Company Stock Reactions to the 2016 Election Shock: Trump, Taxes and Trade

31 Pages Posted: 13 Feb 2017

See all articles by Alexander F. Wagner

Alexander F. Wagner

University of Zurich - Department of Banking and Finance; Centre for Economic Policy Research (CEPR); European Corporate Governance Institute (ECGI); Swiss Finance Institute

Richard J. Zeckhauser

Harvard University - Harvard Kennedy School (HKS); National Bureau of Economic Research (NBER)

Alexandre Ziegler

University of Zurich - Department of Banking and Finance

Multiple version iconThere are 2 versions of this paper

Date Written: February 2017

Abstract

The election of Donald J. Trump as the 45th President of the United States of America on 11/8/2016 came as a surprise. Markets responded swiftly and decisively. This note investigates both the initial stock market reaction to the election, and the longer-term reaction through the end of 2016. We find that the individual stock price reactions to the election – that is, the market’s vote – reflect investor expectations on economic growth, taxes, and trade policy. Heavy industry and banking were relative winners, whereas healthcare, medical equipment, pharmaceuticals, textiles, and apparel were among the relative losers. High-beta stocks and companies with a hitherto high tax burden benefited from the election. Although internationally-oriented companies may profit under some plans of the new administration, several other arguments suggest a more favorable climate for domestically-oriented companies. Investors have found the domestic-favoring arguments to be stronger. While investors incorporated the expected consequences of the election for US growth and tax policy into prices relatively quickly, it took them more time to digest the consequences of shifts in trade policy on firms’ prospects.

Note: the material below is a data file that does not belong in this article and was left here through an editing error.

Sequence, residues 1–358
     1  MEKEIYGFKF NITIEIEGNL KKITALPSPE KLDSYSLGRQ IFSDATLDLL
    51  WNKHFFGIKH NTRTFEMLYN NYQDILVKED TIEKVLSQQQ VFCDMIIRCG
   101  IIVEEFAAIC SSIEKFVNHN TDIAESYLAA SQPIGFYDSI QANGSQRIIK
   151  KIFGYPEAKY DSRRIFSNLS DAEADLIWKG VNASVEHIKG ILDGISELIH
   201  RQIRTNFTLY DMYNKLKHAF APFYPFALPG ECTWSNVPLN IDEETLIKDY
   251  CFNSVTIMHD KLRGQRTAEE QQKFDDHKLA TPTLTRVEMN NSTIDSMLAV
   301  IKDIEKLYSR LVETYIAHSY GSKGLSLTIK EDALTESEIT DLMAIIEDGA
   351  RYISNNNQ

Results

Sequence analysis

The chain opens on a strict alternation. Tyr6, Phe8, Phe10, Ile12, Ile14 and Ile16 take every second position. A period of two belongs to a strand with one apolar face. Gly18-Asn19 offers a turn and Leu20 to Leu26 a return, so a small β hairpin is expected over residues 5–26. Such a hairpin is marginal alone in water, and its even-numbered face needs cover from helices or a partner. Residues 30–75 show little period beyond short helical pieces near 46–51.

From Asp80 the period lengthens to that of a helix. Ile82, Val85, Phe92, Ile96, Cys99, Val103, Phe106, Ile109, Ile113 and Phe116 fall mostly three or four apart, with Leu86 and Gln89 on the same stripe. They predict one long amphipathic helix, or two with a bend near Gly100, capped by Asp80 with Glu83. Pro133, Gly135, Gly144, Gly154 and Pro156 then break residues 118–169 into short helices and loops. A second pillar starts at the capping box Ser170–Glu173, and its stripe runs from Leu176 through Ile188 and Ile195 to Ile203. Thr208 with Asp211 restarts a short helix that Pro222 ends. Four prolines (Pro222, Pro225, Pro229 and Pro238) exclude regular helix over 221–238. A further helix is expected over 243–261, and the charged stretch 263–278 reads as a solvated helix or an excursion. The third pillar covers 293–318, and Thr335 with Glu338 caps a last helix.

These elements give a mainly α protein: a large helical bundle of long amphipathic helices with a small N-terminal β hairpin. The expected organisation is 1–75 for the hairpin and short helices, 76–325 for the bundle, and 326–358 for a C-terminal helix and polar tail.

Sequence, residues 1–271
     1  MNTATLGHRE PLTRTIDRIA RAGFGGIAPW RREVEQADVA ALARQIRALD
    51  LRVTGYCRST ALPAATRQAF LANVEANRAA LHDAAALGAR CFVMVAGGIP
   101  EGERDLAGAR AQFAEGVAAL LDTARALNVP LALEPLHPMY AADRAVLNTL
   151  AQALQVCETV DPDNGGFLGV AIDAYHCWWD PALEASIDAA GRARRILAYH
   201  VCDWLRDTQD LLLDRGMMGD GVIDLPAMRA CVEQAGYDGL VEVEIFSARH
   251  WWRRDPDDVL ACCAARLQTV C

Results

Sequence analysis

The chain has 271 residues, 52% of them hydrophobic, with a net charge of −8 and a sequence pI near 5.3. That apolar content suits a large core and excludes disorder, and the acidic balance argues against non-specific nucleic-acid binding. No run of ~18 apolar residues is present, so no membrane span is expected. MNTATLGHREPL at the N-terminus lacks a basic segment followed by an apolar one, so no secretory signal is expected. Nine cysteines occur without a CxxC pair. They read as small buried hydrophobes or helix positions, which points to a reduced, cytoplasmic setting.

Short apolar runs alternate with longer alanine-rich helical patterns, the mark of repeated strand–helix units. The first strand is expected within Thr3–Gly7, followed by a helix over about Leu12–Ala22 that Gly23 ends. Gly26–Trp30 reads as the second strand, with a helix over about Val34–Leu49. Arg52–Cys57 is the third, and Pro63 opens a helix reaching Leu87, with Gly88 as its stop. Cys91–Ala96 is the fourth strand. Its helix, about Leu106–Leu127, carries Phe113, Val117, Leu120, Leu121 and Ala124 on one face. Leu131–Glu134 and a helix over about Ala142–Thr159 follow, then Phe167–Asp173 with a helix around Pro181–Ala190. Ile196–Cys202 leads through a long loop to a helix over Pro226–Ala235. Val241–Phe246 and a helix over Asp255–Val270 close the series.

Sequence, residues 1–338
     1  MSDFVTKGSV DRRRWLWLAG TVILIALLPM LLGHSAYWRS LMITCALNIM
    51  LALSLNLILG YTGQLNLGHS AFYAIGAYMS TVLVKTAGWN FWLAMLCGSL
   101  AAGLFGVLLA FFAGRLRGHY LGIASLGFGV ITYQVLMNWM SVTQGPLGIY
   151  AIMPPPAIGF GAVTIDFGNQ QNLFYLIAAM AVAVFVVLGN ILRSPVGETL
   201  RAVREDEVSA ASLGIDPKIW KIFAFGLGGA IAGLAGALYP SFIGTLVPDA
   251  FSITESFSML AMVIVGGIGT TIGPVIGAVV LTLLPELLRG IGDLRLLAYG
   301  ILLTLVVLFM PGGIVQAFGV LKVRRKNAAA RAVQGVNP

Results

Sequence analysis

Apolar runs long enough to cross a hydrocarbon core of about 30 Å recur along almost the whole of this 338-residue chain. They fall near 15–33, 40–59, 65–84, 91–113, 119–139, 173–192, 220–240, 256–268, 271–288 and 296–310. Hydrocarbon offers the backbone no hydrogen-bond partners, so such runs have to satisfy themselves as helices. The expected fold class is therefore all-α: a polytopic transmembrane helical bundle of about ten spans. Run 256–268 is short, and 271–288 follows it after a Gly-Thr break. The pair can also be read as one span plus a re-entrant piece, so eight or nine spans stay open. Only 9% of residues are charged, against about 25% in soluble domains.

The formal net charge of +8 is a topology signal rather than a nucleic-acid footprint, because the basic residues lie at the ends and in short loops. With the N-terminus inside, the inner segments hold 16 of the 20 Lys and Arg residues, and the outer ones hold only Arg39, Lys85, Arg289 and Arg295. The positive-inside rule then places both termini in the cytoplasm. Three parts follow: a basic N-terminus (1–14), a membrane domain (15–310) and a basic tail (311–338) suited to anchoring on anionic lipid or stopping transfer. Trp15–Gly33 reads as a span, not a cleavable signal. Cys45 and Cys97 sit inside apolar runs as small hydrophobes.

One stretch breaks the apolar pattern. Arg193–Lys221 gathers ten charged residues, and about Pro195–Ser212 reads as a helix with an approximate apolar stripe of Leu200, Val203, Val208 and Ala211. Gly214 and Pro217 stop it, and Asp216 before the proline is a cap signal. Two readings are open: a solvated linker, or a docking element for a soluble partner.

Suggested Citation

Wagner, Alexander F. and Zeckhauser, Richard J. and Ziegler, Alexandre, Company Stock Reactions to the 2016 Election Shock: Trump, Taxes and Trade (February 2017). NBER Working Paper No. w23152, Available at SSRN: https://ssrn.com/abstract=2915979

Alexander F. Wagner (Contact Author)

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Richard J. Zeckhauser

Harvard University - Harvard Kennedy School (HKS) ( email )

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National Bureau of Economic Research (NBER) ( email )

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Alexandre Ziegler

University of Zurich - Department of Banking and Finance ( email )

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Zürich, 8032
Switzerland

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